Stagg Restaurants, LLC d/b/a McDonalds #24388 v. Fred Serra Appeal from 45th Judicial District Court of Bexar County (memorandum opinion)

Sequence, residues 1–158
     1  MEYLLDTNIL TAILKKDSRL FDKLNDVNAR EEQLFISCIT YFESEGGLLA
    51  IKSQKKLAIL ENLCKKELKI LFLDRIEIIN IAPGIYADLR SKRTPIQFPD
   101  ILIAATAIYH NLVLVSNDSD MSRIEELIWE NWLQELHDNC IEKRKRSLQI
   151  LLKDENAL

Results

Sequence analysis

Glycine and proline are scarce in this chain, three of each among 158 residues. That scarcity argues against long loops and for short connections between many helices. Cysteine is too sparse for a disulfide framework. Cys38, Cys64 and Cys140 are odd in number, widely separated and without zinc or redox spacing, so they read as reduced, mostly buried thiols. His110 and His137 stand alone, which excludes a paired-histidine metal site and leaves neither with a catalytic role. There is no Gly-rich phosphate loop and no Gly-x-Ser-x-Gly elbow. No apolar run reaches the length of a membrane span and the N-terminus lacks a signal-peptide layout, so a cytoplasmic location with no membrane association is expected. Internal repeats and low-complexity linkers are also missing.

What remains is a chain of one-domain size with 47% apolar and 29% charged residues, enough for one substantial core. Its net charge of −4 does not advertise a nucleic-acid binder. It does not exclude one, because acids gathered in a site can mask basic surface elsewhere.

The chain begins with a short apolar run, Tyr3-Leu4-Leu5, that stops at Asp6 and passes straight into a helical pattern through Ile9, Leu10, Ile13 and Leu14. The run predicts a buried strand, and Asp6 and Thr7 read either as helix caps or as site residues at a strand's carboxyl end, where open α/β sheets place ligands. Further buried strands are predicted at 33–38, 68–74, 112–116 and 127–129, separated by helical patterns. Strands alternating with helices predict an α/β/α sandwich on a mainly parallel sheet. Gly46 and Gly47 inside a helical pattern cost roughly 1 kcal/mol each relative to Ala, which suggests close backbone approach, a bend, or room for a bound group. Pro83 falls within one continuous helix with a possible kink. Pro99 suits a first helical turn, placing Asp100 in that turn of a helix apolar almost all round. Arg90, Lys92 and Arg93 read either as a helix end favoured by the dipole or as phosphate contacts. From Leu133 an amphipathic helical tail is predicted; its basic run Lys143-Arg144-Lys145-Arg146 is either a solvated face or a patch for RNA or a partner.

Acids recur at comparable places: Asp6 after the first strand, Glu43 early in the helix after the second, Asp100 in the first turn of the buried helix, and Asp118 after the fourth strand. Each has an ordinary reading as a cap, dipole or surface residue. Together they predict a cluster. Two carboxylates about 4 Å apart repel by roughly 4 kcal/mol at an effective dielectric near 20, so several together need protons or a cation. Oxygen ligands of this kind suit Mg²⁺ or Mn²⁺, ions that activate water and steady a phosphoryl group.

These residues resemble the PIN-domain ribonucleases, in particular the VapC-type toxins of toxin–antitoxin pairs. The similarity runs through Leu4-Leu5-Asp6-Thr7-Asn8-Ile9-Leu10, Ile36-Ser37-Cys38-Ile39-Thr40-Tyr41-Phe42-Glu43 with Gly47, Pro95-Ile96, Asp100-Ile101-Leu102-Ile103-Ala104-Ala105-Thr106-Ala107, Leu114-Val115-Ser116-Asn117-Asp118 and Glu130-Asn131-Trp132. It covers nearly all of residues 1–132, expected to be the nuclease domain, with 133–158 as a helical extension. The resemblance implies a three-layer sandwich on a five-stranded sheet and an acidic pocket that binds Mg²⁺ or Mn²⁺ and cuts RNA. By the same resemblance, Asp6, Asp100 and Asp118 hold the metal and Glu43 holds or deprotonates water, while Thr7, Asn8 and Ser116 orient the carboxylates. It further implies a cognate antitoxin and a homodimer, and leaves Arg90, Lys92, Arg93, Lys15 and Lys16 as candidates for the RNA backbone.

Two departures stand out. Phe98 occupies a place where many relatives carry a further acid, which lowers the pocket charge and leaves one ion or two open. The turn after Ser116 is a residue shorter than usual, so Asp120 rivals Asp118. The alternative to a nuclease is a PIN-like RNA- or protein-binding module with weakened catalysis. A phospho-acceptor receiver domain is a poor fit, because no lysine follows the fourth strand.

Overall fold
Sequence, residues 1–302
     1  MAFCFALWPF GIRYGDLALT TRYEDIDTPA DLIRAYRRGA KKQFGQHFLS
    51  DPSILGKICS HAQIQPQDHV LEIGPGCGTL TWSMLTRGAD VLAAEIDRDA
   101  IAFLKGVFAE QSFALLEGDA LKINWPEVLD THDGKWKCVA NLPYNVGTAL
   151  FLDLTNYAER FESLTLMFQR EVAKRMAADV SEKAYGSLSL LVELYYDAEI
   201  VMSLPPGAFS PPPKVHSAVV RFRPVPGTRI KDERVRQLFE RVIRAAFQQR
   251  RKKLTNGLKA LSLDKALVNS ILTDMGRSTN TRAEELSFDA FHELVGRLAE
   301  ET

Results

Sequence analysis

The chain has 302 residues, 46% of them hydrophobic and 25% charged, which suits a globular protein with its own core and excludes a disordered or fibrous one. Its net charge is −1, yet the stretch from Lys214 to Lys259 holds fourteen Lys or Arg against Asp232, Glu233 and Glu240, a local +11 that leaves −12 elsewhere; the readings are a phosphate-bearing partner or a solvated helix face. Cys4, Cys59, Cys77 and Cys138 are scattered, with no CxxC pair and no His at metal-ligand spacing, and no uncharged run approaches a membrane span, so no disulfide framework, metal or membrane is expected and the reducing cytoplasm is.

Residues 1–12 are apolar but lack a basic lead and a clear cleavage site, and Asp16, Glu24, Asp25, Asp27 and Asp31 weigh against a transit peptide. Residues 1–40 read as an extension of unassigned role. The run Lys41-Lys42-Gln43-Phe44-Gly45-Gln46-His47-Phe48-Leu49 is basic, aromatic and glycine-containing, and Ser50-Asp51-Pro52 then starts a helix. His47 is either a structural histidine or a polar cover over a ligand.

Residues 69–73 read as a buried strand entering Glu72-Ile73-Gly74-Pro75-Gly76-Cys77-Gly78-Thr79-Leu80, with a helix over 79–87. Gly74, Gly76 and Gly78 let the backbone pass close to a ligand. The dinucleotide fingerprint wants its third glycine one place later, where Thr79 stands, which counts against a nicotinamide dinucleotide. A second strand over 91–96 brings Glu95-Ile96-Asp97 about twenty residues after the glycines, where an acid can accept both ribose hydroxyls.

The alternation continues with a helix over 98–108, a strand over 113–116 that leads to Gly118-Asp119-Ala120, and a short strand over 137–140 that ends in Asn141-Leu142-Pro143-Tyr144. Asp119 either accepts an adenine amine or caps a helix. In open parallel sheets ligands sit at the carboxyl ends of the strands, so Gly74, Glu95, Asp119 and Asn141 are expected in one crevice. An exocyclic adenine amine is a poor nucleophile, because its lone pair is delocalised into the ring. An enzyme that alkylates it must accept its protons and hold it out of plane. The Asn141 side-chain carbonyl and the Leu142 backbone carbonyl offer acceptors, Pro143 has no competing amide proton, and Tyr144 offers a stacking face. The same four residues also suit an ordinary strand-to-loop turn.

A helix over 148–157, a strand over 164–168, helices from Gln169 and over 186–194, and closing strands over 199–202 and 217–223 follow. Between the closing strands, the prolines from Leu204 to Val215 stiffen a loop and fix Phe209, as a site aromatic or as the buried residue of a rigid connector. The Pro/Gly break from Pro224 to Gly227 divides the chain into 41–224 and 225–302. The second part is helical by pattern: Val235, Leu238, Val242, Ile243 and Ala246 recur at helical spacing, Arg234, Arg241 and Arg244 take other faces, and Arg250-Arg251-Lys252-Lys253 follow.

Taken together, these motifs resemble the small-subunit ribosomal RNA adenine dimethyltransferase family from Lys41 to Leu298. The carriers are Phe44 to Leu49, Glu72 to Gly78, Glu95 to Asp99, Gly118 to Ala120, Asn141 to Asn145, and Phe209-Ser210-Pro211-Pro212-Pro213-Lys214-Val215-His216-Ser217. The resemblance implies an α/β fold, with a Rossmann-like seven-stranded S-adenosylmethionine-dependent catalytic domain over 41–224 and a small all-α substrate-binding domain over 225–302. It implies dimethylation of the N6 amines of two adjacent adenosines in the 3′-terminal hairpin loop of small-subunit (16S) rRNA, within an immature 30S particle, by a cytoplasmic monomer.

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Fourth Court of Appeals San Antonio, Texas MEMORANDUM OPINION No. 04-18-00527-CV STAGG RESTAURANTS, LLC d/b/a McDonalds #24388, Appellant v. Fred SERRA, Appellee From the 45th Judicial District Court, Bexar County, Texas Trial Court No. 2014-CI-17438 Honorable John D. Gabriel, Jr., Judge Presiding Opinion by: Luz Elena D. Chapa, Justice Sitting: Sandee Bryan Marion, Chief Justice Rebeca C. Martinez, Justice Luz Elena D. Chapa, Justice Delivered and Filed: February 13, 2019 AFFIRMED Stagg Restaurants, LLC d/b/a McDonald’s #24388 appeals an order denying its motion to compel arbitration. McDonald’s argues appellee Fred Serra’s personal injury claim falls within the scope of an enforceable arbitration agreement. Because McDonald’s failed to satisfy its burden to establish that Serra received notice of McDonald’s arbitration policy, we affirm the trial court’s order. 04-18-00527-CV PROCEDURAL BACKGROUND In November 2014, Serra filed a lawsuit alleging McDonald’s negligence caused personal injury he sustained while at work. McDonald’s filed a motion to compel arbitration and an answer generally denying Serra’s allegations. McDonald’s also filed a brief, an affidavit, and exhibits in support of its motion to compel arbitration. According to supporting documents McDonald’s attached to its motion to compel, Serra received an occupational injury plan on July 19, 2013, containing an agreement to arbitrate disputes arising from personal injury sustained while on the job. In a sworn affidavit filed in response to the motion to compel, Serra stated he did not receive the occupational injury plan and was never notified about the arbitration provision. After the trial court heard and denied the motion, McDonald’s timely appealed. MOTION TO COMPEL ARBITRATION The sole issue on appeal is whether the trial court erred by denying McDonald’s motion to compel arbitration. The arbitration agreement at issue provides the agreement is governed by the Federal Arbitration Act (FAA). “Under the FAA, a . . . party seeking to compel arbitration must establish the existence of a valid arbitration agreement and that the claims at issue fall within the scope of that agreement.” Henry v. Cash Biz, LP, 551 S.W.3d 111, 115 (Tex. 2018). “If the party seeking to compel arbitration meets this burden, the burden then shifts, and to avoid arbitration, the party opposing it must prove an affirmative defense to the provision’s enforcement, such as waiver.” Id. If the party seeking to compel arbitration does not meet this burden, then the party opposing the motion to compel need not prove an affirmative defense, such as waiver, to the provision’s enforcement. See id. -2- 04-18-00527-CV A. Standard & Scope of Review When parties file a motion to compel arbitration and a response, the “trial court may summarily decide whether to compel arbitration on the basis of affidavits, pleadings, discovery, and stipulations.” Jack B. Anglin Co. v. Tipps, 842 S.W.2d 266, 269 (Tex. 1992). But when, as here, “the material facts necessary to determine the issue are controverted, by an opposing affidavit or otherwise admissible evidence, the trial court must conduct an evidentiary hearing to determine the disputed material facts.” Id. “We review a trial court’s order denying a motion to compel arbitration for abuse of discretion.” Henry, 551 S.W.3d at 115. “We defer to the trial court’s factual determinations if they are supported by evidence but review its legal determinations de novo.” Id. When, as here, the trial court does not make findings of fact and does not specify the basis for its order, we will infer the trial court made all findings necessary to support its order and we will affirm the order on any ground supported by the record. See Paragon Indus. Applications, Inc. v. Stan Excavating, LLC, 432 S.W.3d 542, 549 (Tex. App.—Texarkana 2014, no pet.). B. Notice of the Arbitration Agreement “An employer may enforce an arbitration agreement entered into during an at-will employment relationship if the employee received notice of the employer’s arbitration policy and accepted it.” In re Dallas Peterbilt, Ltd., L.L.P., 196 S.W.3d 161, 162 (Tex. 2006) (orig. proceeding) (per curiam). When determining whether an employee received notice of an arbitration policy, we consider all communications between the employer and employee, not merely the underlying agreement. Id. “Notice is a fact question,” and cases may “boil[] down to which version of facts the trial court credits.” Kmart Stores of Tex., L.L.C. v. Ramirez, 510 S.W.3d 559, 569 (Tex. App.—El Paso 2016, pet. denied). -3- 04-18-00527-CV McDonald’s argues Serra is bound by the arbitration policy contained in its occupational injury plan. Serra did not sign McDonald’s occupational injury plan, but the arbitration policy outlined within it provided that the arbitration policy was a mandatory condition of employment to which the employee automatically agreed when accepting and continuing employment with McDonald’s. “While this maneuver spares an employer from having to get an employee’s physical signature on an arbitration agreement as a prerequisite to arbitral forum access, this practice is not without risk, . . . .” Alorica v. Tovar, No. 08-18-00008-CV, 2018 WL 6167963, at *3 (Tex. App.— El Paso Nov. 26, 2018, no pet. h.). “[R]elying on implied consent by notice can create potential fact issues on formation that can undermine an arbitration agreement’s validity more easily than would a physical signature indicating that an employee affirmatively assents to arbitration.” Id. In support of its motion to compel arbitration, McDonald’s produced the occupational injury plan, an affidavit from its business director George McClure, and copies of Serra’s employment documents. McClure swore in his affidavit that Serra received a copy of the occupational injury plan. Yet Serra’s employment documents did not include the occupational injury plan and none mention an arbitration agreement. One of the employment documents is titled “Initial Orientation,” and contains a list of documents, but again the occupational injury plan is not listed. Another employment document titled “Hiring Packet Checklist” contains another list of other employment-related documents, but the occupational injury plan is again not listed. On the Hiring Packet Checklist, Serra initialed next to the HIPAA Authorization and “Authorization for Initial Treatment and Prescription Services” forms, indicating he had read and understood those forms. The Authorization for Initial Treatment and Prescription Services form, which is signed only by a McDonald’s representative and not Serra, states: “You are authorized to provide medically necessary treatment and/or prescription services, subject to the terms of the Employer’s occupational injury plan for conditions related to the reported injury.” Although the form mentions -4- 04-18-00527-CV the occupational injury plan, the form does not state whether Serra received a copy of the plan, indicate whether Serra agreed to the plan, or mention the arbitration agreement contained in the plan. Similarly, the HIPAA Authorization form refers to the occupational injury plan, but does not state whether Serra received a copy of the plan, indicate whether Serra agreed to the plan, or mention the arbitration agreement contained in the plan. Serra produced his affidavit in his response, swearing he did not receive a copy of the occupational injury plan and was never notified about the arbitration provision. None of Serra’s employment documents show that Serra agreed to or had notice of the arbitration policy in the occupational injury plan. Although two of Serra’s employment documents refer to the occupational injury plan, none of the documents state whether Serra received a copy of the plan, indicate whether Serra agreed to the plan, or mention the arbitration agreement contained in the plan. McDonald’s only evidence showing that Serra was notified about the arbitration policy in the occupational injury plan was McClure’s affidavit. But McClure’s affidavit testimony was discredited by Serra’s employment documents, which do not list the occupational injury plan among the forms and policies that Serra received at the initial orientation or within his hiring packet. Furthermore, although McClure swore in his affidavit that Serra received the occupational injury plan and was notified about the plan’s arbitration policy, Serra swore in his affidavit that he did not receive the occupational injury plan and was not notified about the plan’s arbitration policy. Because the motion to compel arbitration and the response presented conflicting evidence as to whether Serra received notice of the arbitration policy, McDonald’s had the burden to prove at an evidentiary hearing that Serra received notice of the arbitration policy. See Jack B. Anglin Co., 842 S.W.2d at 269; MP Ventures of S. Tex., Ltd., 276 S.W.3d at 529. At the hearing on McDonald’s motion to compel arbitration, McDonald’s presented no further evidence. See Vireo, -5- 04-18-00527-CV P.L.L.C. v. Cates, 953 S.W.2d 489, 490–91 & n.3 (Tex. App.—Austin 1997, pet. denied) (summarily overruling challenge to sufficiency of the evidence when trial court denied motion to compel arbitration when no evidence was received at hearing). Given the absence of evidence at the hearing on McDonald’s motion to compel arbitration and the conflicting evidence produced in support of McDonald’s motion, and Serra’s response, we cannot say the trial court abused its discretion by denying McDonald’s motion to compel arbitration. See Henry, 551 S.W.3d at 115; Alorica, 2018 WL 6167963, at *3; Kmart Stores, 510 S.W.3d at 569. CONCLUSION McDonald’s failed to satisfy its burden to establish that Serra agreed to the arbitration policy it asked the trial court to enforce. Because McDonald’s did not meet this burden, Serra was not required to establish an affirmative defense, such as waiver, to the provision’s enforcement. See Henry, 551 S.W.3d at 115. We therefore need not address McDonald’s issue regarding waiver. We affirm the trial court’s order denying McDonald’s motion to compel arbitration. Luz Elena D. Chapa, Justice -6-